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Online learning for veterinary nurses
  1. Fitzpatrick Referrals


A new online learning facility was launched last month at Fitzpatrick Referrals. Initially aimed at veterinary nurses, it has been designed to allow a flexible approach to CPD

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THE Fitzpatrick Learning Academy has been created to offer veterinary professionals ‘a new range of innovative learning, training and CPD opportunities’. Its first product, Veterinary Nursing CPD, was launched in July.

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Developed in partnership with e-learning specialists Emerge Learning, the product offers subscribers the opportunity to complete a range of modules in a variety of different subjects. The academy reports that each module qualifies for three hours of CPD, which can be tracked and recorded online, together with any other CPD completed. The record can be downloaded at any time.

Topics available in the first year include anaesthetic emergencies, radiography, wound management, physiotherapy, nosocomial infections and pain management.

Each module is followed by a ‘Vetinar’ – a one-hour webinar, hosted by Josey Killner, the head nurse responsible for training at Fitzpatrick Referrals, to consolidate learning and provide learners with the opportunity to interact. Each webinar can also count as one hour of CPD. Additionally, nurses have the chance to share their knowledge and experiences, post and answer questions, and widen their contacts within the profession through an online forum.

Noel Fitzpatrick launches the new online learning facility to veterinary nurses at his practice

Additional features

The programme includes videos of operations performed by Noel Fitzpatrick, the founder of Fitzpatrick Referrals, as well as live question and answer sessions. Subscribers also have access to a learning library, which includes resources such as video clips from the modules, templates for nursing documents, kit lists and links to further veterinary nursing material.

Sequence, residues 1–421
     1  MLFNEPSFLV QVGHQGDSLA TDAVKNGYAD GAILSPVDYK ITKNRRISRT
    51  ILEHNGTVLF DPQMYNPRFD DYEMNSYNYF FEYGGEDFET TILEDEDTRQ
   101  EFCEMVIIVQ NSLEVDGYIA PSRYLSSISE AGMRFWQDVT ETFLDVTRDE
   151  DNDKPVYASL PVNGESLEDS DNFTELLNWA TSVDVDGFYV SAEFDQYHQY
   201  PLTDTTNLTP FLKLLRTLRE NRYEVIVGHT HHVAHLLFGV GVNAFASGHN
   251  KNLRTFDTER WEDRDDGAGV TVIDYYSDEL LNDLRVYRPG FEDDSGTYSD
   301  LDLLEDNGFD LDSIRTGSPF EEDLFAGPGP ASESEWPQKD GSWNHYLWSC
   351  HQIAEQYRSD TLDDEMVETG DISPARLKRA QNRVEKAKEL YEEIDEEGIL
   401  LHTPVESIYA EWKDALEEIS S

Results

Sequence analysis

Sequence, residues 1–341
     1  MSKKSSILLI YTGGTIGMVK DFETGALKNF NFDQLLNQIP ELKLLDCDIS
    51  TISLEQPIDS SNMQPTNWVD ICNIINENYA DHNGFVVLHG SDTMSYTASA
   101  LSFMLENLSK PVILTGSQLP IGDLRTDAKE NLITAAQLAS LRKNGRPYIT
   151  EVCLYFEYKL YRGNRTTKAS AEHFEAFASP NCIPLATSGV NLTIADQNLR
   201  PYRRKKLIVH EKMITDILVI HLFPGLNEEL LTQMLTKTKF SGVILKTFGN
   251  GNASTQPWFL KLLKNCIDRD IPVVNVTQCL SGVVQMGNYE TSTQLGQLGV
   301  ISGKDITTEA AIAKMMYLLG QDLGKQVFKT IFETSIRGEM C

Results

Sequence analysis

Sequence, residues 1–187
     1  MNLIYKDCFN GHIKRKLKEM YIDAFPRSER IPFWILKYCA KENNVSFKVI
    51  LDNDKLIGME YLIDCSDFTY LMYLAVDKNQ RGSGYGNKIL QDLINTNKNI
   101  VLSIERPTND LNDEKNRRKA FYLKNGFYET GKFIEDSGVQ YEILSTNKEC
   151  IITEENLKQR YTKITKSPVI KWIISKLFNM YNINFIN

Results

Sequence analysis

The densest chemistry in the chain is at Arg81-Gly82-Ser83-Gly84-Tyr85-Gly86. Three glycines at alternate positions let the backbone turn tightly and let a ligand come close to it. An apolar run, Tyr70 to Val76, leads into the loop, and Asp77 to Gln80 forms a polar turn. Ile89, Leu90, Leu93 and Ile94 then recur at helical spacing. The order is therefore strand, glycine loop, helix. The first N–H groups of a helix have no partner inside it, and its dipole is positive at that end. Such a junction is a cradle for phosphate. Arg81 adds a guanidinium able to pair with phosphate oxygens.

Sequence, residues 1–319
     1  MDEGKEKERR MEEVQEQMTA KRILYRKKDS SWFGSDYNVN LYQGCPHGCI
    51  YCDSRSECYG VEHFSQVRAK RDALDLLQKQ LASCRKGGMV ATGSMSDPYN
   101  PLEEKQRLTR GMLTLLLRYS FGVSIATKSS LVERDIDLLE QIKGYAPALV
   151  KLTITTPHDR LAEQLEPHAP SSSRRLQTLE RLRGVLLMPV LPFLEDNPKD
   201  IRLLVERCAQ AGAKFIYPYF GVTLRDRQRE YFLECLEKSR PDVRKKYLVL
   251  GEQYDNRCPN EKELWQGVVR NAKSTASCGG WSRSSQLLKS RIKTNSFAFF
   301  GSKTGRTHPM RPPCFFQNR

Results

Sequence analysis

‘We recognised that there was not enough CPD available for veterinary nurses, and we know that it can be difficult taking time out of the practice to attend events, so we listened, thought and came up with a solution’, Ms Killner explains.

She says the programme has been developed by veterinary nurses for veterinary nurses, allowing them to learn when it suits them, so that it doesn't impact on their normal working day at their practice.

Dr Fitzpatrick adds: ‘We know that within the veterinary nursing profession, one of the issues is that nurses feel they don't get the credit they deserve. We wanted to help change that and to empower veterinary nurses by creating a dedicated worldwide veterinary nursing community where nurses can come together, share in the pursuit of knowledge, support each other through the development of social networks and access the most innovative and exciting CPD available.’

The academy plans to develop and release further learning products in different formats for both veterinary surgeons and veterinary nurses in the future. More information is available at

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